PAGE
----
Paper World: Planet Earth

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Today is the publication day of Paper World: Planet Earth. This is a beautifully presented book, full of information about our fabulous planet.

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Each spread investigates a geological feature from the layers of the planet to why a volcano erupts to the features of deserts. Clever use of paper cutting allows links between subjects to be made from page to page and lift-the-flaps reveal additional information and details.

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For example, on the ‘Volcanoes’ pages, a cross section of a volcano is revealed, clearly labelling the different parts. Another flap conceals a submarine volcano and explains what ‘pillow lava’ is. Correct geographical terms are used throughout the book, with many explained as they are used and an additional glossary at the end.

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Each section starts with a succinct explanation of the feature and lots of additional facts, making it more than a novelty book. Areas of study from the KS2 Geography National Curriculum are beautifully introduced here in a way that informs as well as capturing interest. The use of die-cuts and flaps might be a way of inspiring children to adopt a similar approach to presenting their own research, explaining how things happen in a very visual manner.

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A delightful book, full of facts and ingenious use of illustration, ‘Paper World: Planet Earth’ is a wonderful way to explore our incredible planet.

Paper World: Planet Earth

BOMBOLAND

Templar ISBN: 978-1787410411

The Bluest of Blues

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I found this beautiful book whilst on stage one of my Half Term Book Crawl at Foyles on the Southbank. To my shame, it is about another pioneering woman I had not previously heard of- Anna Atkins, often considered the first person to publish a book illustrated with photographic images and claimed by some to be the first woman to create a photograph.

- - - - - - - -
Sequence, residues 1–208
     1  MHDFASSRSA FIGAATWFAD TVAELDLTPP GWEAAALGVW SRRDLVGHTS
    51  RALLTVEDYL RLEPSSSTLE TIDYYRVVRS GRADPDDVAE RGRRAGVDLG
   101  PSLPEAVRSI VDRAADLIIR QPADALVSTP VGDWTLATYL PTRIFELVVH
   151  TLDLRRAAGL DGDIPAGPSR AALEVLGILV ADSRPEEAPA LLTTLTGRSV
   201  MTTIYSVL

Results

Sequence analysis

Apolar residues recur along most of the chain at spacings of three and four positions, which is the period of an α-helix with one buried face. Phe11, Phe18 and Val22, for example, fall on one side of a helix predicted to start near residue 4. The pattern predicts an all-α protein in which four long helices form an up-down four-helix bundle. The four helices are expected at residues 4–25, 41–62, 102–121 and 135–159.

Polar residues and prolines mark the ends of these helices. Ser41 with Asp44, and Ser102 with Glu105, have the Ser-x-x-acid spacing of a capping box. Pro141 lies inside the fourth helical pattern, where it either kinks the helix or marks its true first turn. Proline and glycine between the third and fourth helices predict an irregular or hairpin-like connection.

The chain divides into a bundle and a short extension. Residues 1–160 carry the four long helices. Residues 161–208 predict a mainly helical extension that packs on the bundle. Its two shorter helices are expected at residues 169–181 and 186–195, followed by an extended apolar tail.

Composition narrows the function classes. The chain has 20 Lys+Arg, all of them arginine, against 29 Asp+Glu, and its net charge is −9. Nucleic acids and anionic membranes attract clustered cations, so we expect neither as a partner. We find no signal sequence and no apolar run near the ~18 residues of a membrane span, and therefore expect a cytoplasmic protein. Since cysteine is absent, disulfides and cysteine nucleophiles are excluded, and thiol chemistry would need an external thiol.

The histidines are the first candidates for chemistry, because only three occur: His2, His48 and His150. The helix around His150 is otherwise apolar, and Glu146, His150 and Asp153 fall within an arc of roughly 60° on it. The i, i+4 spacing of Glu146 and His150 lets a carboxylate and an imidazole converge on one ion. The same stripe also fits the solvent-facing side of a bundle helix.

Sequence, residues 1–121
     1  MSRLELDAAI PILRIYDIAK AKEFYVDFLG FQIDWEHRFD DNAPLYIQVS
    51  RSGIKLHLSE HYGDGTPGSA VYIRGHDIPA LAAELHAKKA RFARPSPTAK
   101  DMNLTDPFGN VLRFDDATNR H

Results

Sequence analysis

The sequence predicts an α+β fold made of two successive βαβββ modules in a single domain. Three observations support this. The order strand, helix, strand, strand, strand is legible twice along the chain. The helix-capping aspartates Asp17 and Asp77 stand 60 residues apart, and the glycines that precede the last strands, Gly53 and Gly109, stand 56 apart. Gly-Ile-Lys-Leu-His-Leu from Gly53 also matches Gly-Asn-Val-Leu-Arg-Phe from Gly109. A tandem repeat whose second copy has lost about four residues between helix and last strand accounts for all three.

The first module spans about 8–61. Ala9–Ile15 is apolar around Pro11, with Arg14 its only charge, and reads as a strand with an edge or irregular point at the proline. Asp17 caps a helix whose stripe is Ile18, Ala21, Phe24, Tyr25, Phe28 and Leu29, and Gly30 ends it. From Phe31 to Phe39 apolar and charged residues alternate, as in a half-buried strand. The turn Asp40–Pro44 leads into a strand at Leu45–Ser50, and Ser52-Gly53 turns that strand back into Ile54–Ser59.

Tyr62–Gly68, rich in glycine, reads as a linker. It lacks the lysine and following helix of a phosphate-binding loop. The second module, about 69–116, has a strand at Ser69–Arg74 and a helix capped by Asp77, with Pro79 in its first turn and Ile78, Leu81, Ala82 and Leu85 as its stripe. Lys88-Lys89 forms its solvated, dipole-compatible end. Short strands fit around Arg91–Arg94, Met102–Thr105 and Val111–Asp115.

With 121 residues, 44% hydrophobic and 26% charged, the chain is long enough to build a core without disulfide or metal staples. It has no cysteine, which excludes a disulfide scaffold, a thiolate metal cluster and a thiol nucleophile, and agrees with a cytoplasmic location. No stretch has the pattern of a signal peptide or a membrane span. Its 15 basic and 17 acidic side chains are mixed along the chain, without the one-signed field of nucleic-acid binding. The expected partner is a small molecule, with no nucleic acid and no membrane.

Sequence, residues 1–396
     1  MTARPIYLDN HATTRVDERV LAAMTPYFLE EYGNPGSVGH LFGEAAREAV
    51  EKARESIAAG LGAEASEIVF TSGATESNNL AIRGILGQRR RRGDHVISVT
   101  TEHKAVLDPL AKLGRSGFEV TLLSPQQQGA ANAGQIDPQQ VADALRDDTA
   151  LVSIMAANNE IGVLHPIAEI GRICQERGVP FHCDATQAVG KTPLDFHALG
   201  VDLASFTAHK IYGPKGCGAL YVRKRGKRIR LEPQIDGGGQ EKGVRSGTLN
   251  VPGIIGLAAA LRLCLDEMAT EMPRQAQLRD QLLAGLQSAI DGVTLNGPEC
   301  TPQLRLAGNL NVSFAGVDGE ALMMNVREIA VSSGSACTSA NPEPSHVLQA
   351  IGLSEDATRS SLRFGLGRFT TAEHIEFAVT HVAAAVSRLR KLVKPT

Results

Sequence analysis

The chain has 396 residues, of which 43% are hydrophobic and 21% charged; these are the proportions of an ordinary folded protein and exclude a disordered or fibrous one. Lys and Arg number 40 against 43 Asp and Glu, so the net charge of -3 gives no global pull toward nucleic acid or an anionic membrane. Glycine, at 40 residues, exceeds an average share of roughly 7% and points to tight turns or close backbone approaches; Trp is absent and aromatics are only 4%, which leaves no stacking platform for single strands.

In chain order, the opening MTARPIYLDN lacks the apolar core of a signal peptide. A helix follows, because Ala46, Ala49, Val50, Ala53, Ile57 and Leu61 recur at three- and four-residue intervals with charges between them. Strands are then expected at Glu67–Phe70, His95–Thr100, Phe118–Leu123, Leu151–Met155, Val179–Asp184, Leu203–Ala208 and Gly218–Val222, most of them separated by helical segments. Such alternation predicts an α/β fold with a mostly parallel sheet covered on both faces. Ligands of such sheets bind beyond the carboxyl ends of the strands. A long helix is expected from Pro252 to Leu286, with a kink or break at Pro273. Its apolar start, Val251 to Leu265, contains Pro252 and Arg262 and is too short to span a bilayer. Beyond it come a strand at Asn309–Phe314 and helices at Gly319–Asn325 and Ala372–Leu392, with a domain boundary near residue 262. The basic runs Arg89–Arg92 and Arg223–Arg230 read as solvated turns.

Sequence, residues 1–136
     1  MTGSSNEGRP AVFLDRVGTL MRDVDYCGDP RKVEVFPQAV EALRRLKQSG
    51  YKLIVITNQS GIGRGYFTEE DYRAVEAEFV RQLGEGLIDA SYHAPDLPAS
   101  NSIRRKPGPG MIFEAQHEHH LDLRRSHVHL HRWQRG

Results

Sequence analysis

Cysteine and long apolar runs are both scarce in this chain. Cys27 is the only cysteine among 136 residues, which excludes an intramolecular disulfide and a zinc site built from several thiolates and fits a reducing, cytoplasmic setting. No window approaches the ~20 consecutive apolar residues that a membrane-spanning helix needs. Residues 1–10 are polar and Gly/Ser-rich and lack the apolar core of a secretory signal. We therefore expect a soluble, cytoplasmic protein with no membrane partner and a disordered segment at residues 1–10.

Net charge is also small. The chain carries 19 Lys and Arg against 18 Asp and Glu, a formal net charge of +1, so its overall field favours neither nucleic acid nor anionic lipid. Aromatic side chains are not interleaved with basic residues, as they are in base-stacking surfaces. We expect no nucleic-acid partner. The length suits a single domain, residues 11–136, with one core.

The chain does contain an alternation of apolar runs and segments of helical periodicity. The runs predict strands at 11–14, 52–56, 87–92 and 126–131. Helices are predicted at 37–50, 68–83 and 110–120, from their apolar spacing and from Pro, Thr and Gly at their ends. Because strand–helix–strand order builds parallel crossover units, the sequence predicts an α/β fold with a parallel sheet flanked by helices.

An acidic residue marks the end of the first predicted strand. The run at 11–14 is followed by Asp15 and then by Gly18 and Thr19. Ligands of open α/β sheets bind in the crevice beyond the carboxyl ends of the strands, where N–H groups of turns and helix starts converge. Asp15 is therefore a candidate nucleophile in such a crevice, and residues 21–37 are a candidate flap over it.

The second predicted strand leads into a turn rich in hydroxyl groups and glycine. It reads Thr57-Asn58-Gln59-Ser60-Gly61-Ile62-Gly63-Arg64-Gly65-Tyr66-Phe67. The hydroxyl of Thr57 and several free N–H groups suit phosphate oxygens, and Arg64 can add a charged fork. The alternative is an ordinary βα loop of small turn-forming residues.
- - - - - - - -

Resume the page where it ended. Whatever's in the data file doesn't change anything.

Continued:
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Focusing on the close relationship she had with her father after the death of her mother, the book tells of how he greatly encouraged Anna’s education, particularly in the sciences, which was most unusual for women at that time.

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Anna became a skilled botanist, collecting and cataloguing British specimens and eventually creating highly detailed drawings which were turned into engravings for her father’s book about shells. After her marriage, she created an herbarium, preparing, mounting and storing hundreds of specimens.

In 1841, her father gave her a camera , but it was her introduction to Herschel’s discovery of the cyanotype print which allowed her to create the pictures for a book of her specimens.

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An author’s note at the end explains more about Anna and how her story has been told in this book. Information on how to make a cyanotype- a sun print- and additional information explaining how the author created some of the illustrations are fascinating. Some of the illustrations are examples of Anna’s own work, each credited. The amount of research and attention to detail offered by Fiona Robinson in this work is echoed by her using the same dedication for this book that Anna Atkins used for hers:

To my dearest Father this attempt is affectionately inscribed

This wonderful book has sent my teacher gene into overdrive as I can see it forming a key part of science work on the Y6 ‘Living Things and their Habitats’ Science unit. In this it says, pupils should be taught to:

  • describe how living things are classified into broad groups according to common observable characteristics and based on similarities and differences, including micro-organisms, plants and animals

  • give reasons for classifying plants and animals based on specific characteristics

Anna’s dedication to her subject is a great example of working scientifically in action and the use of sun prints to record collections, creating class herbariums might inspire children’s creativity and enjoyment of this area. Unlike Anna, whether a girl or a boy, they will be able to present their findings to audiences, taking pride in sharing their knowledge.

Inspiring and beautiful, ‘The Bluest of Blues’ shows the role women played in the development of science and art, encouraging everyone who reads it to discover and explore .

The Bluest of Blues Fiona Robinson

Abrams ISBN: 978-1419725517